So, take the free tour...learn about the place you are visiting, soak up the culture and meet people!
Sunday, 12 August 2012
Some postcards made by my class during the 'Tourism' topic!
I am a Geography teacher in a secondary school, here in the UK. I mention my travels, and the experiences I have had on them, a fair bit in my lessons, whenever it is relevant to do so. Occasionally a student will suggest I am "always going on about my holidays"; bragging about my trips to other countries, cultures and environments. As I aim to do in my posts on this blog, I am very conscious that I do not tell my students these travel stories as a way of showing off either a) my wealth (which for any prospective golddiggers out there, is pretty small, by the way) or b) to somehow seem to beat someone else's equally exciting travel experiences into submission with my heavily stamped passport. I tell the students my money does not go on attending expensive Premiership Football matches, buying Playstation and XBox games, boozing every weekend in Leeds city centre or a fast car. I save my hard-earned pennies to spend on travel. As previous readers are well aware, I hunt down the cheapest flight possible within a time I am free to travel to ensure that I get the best value for money from my journeys and take as many as possible within the holidays I have. Like the readers here, I want to inspire the students I teach to travel when they are older. To take themselves off on journeys that make them more rounded individuals; exposed to all the amazing sights and experiences this magnificent world has to offer, as well as a developing awareness of the world's problems and what impact we humans have on the planet and the environments in which we live. My 'Henry Rollin's post' a few week's back highlights this. To travel is not to just simply get a better understanding of the world, but I believe it is vital in helping you understand yourself better. It is this that philosophy I am trying to get across to the students I teach.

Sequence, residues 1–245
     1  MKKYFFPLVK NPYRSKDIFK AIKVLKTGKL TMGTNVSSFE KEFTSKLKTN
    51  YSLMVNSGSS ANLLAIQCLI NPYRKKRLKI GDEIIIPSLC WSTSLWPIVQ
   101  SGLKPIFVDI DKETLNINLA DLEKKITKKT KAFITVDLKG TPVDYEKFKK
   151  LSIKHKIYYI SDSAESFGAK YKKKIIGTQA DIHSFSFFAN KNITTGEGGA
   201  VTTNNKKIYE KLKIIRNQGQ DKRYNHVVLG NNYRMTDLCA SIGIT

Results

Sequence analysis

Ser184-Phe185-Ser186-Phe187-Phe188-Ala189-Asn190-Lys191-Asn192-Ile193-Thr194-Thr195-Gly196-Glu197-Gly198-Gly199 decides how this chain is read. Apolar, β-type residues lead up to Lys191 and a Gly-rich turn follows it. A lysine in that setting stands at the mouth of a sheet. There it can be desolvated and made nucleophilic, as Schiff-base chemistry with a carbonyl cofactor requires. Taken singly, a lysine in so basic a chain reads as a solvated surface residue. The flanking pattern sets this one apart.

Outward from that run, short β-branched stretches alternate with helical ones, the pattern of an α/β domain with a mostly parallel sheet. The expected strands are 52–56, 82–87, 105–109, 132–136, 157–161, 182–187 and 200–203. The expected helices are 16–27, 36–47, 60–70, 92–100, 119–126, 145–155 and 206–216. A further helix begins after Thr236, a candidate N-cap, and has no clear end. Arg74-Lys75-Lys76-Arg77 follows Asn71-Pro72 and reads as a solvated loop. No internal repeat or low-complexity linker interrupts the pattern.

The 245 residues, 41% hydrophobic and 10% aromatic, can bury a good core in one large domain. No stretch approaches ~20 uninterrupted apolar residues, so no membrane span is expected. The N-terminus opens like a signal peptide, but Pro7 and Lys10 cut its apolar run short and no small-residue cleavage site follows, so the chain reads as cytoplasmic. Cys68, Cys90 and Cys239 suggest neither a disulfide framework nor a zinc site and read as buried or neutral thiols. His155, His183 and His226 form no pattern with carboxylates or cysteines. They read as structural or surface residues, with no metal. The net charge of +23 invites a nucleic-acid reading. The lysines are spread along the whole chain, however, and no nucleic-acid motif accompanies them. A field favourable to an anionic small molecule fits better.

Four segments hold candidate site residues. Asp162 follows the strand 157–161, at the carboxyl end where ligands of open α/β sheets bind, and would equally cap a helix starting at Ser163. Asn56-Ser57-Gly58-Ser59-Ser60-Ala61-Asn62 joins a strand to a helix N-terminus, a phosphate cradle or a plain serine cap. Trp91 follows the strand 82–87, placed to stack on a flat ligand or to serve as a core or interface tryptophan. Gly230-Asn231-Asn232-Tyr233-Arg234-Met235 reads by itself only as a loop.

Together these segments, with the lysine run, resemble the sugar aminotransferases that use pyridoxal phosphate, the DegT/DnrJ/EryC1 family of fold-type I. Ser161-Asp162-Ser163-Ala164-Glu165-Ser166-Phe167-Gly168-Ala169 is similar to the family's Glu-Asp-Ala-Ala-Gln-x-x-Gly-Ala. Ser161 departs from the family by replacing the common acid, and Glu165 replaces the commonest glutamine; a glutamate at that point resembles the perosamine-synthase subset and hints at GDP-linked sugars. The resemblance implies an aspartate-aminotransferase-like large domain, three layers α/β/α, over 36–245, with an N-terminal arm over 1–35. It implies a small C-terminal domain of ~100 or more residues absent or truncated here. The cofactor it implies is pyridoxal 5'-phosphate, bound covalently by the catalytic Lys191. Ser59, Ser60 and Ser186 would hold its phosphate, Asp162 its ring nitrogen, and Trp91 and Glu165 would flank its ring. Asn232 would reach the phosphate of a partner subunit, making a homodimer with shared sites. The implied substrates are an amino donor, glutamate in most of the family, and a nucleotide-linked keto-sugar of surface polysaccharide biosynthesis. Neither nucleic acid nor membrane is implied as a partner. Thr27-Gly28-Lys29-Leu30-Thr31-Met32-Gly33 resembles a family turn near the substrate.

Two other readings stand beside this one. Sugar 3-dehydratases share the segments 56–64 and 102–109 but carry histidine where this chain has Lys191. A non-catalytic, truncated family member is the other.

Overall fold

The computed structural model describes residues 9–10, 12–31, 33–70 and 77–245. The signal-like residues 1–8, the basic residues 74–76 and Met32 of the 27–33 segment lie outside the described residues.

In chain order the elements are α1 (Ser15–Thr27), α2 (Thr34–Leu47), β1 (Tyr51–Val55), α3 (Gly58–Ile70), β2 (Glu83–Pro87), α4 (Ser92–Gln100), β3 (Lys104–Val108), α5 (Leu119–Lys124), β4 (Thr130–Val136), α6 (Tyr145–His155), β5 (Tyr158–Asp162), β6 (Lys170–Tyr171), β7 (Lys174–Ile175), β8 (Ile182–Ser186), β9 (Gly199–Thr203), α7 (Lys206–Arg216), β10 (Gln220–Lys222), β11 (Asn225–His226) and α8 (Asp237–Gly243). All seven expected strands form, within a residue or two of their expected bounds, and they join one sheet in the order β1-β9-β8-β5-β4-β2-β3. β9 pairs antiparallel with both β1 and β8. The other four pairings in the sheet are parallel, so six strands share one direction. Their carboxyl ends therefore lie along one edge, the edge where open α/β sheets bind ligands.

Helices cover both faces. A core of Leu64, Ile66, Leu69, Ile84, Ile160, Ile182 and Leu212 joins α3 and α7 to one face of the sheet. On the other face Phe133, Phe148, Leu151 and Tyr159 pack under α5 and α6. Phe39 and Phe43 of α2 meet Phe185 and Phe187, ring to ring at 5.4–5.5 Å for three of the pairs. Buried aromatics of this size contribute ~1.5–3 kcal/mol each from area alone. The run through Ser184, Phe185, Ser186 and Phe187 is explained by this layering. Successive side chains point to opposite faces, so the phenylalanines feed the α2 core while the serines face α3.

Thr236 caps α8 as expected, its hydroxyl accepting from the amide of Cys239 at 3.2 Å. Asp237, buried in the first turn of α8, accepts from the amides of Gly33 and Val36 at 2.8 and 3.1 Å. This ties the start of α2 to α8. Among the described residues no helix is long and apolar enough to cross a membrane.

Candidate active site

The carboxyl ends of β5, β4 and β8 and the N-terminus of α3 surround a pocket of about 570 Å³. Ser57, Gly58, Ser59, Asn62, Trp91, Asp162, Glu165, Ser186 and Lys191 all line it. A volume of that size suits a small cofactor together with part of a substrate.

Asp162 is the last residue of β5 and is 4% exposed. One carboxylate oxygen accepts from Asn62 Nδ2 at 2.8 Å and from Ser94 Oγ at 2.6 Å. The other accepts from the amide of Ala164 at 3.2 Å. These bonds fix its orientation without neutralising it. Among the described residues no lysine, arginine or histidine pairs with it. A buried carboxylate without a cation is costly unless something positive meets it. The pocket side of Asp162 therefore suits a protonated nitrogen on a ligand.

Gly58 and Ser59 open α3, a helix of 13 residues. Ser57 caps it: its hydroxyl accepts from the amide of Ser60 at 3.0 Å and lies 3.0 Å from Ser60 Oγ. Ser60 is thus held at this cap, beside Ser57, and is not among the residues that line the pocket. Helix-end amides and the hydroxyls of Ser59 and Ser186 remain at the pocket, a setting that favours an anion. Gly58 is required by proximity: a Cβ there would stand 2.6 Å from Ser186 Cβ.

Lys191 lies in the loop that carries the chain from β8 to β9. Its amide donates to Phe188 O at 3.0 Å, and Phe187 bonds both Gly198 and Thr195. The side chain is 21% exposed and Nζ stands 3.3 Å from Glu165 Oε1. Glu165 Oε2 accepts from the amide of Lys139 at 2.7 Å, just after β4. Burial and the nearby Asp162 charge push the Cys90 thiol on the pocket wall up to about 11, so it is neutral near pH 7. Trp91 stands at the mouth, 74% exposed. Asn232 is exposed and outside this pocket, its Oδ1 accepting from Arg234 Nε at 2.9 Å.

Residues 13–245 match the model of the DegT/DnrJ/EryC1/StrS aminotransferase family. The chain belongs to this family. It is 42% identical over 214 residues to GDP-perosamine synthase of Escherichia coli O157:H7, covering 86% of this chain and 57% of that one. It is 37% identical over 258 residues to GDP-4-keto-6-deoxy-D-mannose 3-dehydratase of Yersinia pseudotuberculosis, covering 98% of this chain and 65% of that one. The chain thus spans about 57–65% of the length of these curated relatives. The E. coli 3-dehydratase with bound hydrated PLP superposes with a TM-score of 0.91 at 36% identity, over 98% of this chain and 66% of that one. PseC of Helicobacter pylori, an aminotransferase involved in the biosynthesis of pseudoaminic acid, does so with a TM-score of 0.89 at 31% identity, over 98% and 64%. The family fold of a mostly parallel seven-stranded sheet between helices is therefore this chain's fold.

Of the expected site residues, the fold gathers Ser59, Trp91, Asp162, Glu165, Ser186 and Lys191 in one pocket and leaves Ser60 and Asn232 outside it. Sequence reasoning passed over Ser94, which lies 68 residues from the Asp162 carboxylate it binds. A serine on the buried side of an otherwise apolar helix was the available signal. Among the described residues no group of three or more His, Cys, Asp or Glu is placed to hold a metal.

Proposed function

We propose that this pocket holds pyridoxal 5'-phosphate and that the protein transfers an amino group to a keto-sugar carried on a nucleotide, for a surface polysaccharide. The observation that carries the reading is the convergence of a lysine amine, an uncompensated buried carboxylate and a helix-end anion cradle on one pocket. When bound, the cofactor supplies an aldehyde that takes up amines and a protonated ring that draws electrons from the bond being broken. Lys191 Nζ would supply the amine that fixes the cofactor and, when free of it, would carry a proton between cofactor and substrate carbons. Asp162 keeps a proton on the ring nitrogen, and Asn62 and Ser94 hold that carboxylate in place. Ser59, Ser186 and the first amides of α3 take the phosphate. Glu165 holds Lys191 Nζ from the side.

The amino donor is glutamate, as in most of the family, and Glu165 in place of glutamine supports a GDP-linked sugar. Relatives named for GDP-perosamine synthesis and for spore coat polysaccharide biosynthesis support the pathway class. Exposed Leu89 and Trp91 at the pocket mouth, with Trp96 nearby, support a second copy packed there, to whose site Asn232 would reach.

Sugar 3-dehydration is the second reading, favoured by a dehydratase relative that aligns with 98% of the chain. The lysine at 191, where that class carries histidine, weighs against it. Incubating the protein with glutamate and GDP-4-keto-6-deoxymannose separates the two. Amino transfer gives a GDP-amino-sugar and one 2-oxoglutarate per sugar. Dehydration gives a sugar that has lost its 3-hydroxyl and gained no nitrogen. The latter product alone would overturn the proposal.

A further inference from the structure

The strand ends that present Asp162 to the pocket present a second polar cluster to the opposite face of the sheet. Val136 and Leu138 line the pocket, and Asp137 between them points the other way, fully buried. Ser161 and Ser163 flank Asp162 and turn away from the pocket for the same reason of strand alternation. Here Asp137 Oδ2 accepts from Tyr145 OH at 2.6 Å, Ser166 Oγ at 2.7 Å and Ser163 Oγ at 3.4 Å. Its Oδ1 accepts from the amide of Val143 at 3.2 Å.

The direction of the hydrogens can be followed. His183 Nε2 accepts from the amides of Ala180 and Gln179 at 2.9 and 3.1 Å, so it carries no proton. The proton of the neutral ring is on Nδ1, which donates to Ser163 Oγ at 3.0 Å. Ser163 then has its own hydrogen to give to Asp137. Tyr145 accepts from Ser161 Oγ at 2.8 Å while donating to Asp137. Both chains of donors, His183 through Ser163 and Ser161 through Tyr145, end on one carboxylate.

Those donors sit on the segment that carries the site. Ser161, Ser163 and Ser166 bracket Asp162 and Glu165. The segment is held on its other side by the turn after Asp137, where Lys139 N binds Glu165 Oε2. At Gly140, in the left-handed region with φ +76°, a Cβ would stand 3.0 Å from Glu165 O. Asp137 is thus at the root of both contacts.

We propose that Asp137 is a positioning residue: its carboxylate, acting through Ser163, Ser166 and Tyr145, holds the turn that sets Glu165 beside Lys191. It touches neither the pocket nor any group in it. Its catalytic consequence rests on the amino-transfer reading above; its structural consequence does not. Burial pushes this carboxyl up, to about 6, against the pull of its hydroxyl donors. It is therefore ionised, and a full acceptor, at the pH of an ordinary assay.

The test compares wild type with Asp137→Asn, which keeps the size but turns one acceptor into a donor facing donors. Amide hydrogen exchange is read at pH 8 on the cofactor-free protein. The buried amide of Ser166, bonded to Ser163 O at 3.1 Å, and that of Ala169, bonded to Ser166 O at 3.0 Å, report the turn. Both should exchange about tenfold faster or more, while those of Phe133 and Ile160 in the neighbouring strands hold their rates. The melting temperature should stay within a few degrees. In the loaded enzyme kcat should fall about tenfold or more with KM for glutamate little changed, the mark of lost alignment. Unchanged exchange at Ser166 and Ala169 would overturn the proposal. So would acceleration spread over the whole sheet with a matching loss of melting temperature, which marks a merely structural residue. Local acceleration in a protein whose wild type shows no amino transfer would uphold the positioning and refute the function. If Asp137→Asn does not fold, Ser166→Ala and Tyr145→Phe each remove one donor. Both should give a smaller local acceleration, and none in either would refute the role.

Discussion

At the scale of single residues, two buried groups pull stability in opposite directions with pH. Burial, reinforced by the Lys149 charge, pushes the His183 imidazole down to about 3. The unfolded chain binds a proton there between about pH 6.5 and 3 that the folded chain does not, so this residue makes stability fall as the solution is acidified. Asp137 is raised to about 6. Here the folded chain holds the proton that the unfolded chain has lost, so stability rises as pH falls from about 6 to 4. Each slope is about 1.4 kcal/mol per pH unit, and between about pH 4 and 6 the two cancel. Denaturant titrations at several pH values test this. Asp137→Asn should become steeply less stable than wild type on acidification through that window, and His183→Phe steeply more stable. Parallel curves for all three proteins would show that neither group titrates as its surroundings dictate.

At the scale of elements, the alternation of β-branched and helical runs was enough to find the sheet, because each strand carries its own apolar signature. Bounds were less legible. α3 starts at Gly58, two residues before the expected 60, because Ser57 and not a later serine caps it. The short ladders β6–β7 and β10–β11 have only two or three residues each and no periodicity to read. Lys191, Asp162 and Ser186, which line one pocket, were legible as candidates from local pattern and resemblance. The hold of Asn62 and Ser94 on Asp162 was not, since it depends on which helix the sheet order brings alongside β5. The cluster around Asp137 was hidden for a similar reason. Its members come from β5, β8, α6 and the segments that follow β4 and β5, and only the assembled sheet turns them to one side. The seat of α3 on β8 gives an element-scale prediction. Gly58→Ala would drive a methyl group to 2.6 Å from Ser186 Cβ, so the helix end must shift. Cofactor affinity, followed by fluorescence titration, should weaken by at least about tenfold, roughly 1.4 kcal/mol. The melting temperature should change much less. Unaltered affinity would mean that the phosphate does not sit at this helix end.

As 'The Rough Guide to a Lonely Planet' reaches almost 1000 page views, I want to thank all the visitors to my rather self-indulgent travel blog, but hope that it has and will continue to prove to be a great source of help, advice and inspiration to all visitors.
Thursday, 9 August 2012
A humpback whale breaching (Source - llwproductions.files.wordpress.com)